The Division of Your Marital Property
The assets, properties, and other things of value that you and your spouse acquired while you are married are considered marital property (in the eyes of the law), and these assets must be divided between you equitably in the event of divorce. Equitable means fair in the context of a wide array of factors that the law considers relevant to this division. Any property that follows you into the marriage and that you are able to keep strictly separate throughout your marriage will remain your own, but it’s important to understand that keeping an asset strictly separate can be a very difficult task.
Marital finances tend to get messy quickly, and keeping what is yours, mine, or ours separate from one another is not easy in the best of situations. Suffice to say that this divorce term has the potential to become the most contentious element of your divorce, and factors that can make it more so include:
Intermingled assets that combine separate and marital property
In Texas, custody is broken down into both legal and physical custody. Legal custody guides who will be making the major parenting decisions, including those related to the following:
Your children’s healthcare needs
Your children’s schooling
Your children’s extracurriculars
Your children’s religious education
One parent can take on this important decision-making authority solo; you can share the responsibility; you can share the responsibility, but one of you will maintain tie-breaking authority should the need arise, or you can divide the responsibility between you according to the kind of decision being made.
Physical custody dictates when the children are with you and when they are with your ex. If you are able to come to a determination between yourselves, you will have considerable flexibility regarding your parenting time schedule, but if the court’s intervention is required, you will likely receive one of the court’s standard schedules.
When it comes to physical custody, there are two basic approaches that include one of you becoming the primary custodial parent (while the other has what amounts to a visitation schedule) or you and your ex splitting your parenting time equally (or nearly so).
The State of Texas – like other states – requires both parents to maintain financial responsibility for their children post-divorce, and child support is the legal tool used to help facilitate this requirement. Child support is calculated according to careful state guidelines, but the court has the discretion to take other factors into consideration if it is deemed to be in the best interests of the children.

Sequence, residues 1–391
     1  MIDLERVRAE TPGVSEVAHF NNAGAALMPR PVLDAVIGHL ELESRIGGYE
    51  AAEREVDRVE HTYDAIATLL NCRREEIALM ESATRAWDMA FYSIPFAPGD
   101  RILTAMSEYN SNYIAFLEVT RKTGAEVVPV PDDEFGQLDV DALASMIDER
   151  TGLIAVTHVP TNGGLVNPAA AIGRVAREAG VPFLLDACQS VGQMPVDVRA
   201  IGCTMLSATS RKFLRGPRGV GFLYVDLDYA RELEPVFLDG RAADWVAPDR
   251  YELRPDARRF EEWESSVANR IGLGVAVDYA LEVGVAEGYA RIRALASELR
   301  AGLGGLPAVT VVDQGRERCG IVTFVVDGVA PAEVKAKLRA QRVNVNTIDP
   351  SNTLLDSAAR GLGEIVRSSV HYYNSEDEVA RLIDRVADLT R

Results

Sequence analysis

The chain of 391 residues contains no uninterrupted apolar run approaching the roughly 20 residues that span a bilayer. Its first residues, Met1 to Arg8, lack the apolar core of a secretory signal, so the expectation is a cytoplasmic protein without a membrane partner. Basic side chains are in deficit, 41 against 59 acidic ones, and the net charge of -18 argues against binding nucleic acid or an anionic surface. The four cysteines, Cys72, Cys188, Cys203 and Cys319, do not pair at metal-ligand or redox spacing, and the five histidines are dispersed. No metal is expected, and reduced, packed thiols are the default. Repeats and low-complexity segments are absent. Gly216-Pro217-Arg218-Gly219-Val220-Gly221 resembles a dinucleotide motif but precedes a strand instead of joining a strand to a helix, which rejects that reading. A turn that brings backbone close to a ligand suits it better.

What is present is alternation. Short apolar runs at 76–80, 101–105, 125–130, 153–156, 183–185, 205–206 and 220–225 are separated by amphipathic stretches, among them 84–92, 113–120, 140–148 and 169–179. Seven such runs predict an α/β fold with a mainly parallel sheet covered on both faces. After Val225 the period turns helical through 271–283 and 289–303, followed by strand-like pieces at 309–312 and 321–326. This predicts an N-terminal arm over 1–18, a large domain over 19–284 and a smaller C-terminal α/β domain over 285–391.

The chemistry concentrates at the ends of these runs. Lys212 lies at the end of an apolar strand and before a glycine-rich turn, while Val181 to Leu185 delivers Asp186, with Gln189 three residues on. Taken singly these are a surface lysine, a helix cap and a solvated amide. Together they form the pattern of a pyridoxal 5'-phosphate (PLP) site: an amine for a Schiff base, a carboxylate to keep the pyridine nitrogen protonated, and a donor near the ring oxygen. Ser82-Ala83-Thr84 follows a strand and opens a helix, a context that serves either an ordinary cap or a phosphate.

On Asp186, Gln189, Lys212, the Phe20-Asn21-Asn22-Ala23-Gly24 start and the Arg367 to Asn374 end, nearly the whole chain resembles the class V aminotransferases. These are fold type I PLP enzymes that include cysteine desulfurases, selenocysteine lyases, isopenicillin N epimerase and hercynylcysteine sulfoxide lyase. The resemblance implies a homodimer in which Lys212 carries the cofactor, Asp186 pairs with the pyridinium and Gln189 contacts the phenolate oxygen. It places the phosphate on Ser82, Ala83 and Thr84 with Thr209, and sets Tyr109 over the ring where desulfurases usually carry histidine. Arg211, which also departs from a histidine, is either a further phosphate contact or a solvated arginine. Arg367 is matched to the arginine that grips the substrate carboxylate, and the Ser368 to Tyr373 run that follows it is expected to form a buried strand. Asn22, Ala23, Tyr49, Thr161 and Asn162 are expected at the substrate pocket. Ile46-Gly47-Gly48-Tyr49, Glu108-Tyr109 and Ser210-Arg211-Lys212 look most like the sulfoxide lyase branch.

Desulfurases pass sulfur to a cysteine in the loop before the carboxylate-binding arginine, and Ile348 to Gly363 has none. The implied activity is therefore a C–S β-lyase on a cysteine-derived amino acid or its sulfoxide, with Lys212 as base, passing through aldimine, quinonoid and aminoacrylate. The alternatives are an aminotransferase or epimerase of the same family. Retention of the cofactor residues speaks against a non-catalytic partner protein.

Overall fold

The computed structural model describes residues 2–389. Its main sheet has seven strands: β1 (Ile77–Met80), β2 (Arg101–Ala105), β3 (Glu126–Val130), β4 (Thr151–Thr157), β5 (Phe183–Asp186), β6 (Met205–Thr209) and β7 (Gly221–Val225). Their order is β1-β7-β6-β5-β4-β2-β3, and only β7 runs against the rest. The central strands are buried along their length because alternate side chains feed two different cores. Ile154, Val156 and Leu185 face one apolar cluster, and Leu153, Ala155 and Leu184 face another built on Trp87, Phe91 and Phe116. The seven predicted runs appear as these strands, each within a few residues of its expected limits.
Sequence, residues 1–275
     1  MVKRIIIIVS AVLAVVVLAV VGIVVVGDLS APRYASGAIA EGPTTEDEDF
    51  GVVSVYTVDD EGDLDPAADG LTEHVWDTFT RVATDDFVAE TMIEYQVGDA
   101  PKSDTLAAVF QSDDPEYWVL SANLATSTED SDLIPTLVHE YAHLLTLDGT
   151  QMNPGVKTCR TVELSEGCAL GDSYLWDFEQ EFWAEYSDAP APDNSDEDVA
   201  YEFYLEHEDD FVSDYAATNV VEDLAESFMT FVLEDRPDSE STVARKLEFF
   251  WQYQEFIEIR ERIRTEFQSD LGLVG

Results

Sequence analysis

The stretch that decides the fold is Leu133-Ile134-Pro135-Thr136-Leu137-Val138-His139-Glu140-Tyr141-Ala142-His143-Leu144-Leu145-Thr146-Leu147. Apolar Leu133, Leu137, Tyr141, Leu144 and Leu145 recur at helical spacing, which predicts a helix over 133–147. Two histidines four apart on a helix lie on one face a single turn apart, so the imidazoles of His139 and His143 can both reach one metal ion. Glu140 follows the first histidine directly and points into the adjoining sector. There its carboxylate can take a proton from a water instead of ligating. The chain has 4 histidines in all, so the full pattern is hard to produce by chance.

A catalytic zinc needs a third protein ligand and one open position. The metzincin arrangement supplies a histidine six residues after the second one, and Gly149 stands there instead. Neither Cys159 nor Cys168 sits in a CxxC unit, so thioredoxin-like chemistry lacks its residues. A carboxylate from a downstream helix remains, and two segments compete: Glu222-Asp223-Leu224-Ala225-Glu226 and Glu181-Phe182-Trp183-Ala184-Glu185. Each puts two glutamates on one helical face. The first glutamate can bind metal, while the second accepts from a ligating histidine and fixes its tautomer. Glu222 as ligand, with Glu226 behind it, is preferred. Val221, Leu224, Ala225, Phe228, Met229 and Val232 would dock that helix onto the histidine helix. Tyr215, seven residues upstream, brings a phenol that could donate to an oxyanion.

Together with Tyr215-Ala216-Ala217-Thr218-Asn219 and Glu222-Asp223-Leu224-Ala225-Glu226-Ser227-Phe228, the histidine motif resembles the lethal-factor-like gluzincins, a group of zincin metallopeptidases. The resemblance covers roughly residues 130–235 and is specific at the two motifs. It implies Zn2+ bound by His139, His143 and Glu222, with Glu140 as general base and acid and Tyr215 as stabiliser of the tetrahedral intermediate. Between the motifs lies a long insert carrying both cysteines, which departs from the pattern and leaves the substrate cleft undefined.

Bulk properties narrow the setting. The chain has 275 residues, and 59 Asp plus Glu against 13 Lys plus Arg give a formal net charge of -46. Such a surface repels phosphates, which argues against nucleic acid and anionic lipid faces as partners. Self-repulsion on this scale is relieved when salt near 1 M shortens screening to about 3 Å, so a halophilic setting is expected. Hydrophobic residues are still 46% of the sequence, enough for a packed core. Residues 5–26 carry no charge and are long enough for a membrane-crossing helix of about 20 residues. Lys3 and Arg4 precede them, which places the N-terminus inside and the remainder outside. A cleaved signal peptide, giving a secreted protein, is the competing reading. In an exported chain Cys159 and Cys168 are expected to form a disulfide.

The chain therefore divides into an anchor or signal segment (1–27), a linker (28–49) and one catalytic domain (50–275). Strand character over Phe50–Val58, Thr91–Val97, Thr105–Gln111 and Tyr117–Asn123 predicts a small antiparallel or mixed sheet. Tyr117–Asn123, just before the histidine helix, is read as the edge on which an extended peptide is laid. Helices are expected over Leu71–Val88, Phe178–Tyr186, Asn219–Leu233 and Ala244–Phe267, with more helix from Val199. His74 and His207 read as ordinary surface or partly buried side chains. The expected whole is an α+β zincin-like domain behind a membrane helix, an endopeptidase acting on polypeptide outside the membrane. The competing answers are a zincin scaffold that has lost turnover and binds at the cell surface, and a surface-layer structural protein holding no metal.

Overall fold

Generally, however, the factors that play the most significant roles in the determination of child support include the number of overnights each parent has with the children and each parent’s income (in relation to the other’s). Even if you and your ex split your time with your children down to the minute, the higher earner between you is likely to have the child support obligation.
Alimony – or spousal maintenance – is designed for those situations in which one spouse is financially disadvantaged by divorce, and the other spouse has the means to help. Alimony is less common than it ever was, but this does not alter the fact that it can be an important tool in divorce. The longer your marriage and the greater the financial discrepancy between you and your divorcing spouse, the more likely it is that alimony will be awarded. Two factors that often tip the balance toward alimony include:
If the recipient contributed to his or her spouse’s career by working while he or she obtained an advanced degree
If the recipient took care of both the house and the children while his or her spouse created a professional empire
Generally, alimony is intended to last just long enough to help the recipient gain the job training, the education, and/or the experience necessary to move forward with a career that allows him or her to become more financially independent.
Your Negotiation Options
As you move forward with the divorce process, you will dedicate considerable time and effort to negotiating your divorce terms between yourselves. While the prospect may seem daunting, it is important to understand that you do have options when it comes to these negotiations. You will begin with the least outside guidance and will proceed to more significant outside help as the need arises. These incremental steps generally include the following:
You and your spouse will begin by attempting to find a middle ground between yourselves (with the guidance of your respective divorce attorneys).
Any unresolved terms can proceed to your respective divorce attorneys, who will skillfully negotiate between themselves on behalf of the best interests of each of you.
If terms remain unresolved, you can move forward toward a form of alternative dispute resolution (ADR), such as mediation – where a professional mediator will help you and your divorcing spouse better understand your legal options, help you better understand how the court is most likely to rule, and help you explore compromises that might work for you.
After determining that your powers of compromise are exhausted, any terms that remain will need to be resolved by the court. It is important to recognize, however, that this is not an all-or-nothing matter – the more terms you are able to resolve between yourselves, the better off you are. If you have a term remaining, it does not make you a failure at negotiations but is, instead, a symbol of how far you have come and how much work you have poured into the process.
Reach out to an Experienced Killeen Divorce Attorney for the Help You Need
Brett Pritchard at The Law Office of Brett H. Pritchard – proudly serving Killeen, Texas – is a resourceful divorce attorney who has the experience, compassion, and drive to help you, so please do not hesitate to contact us online or call us at 254-501-4040 for more information today.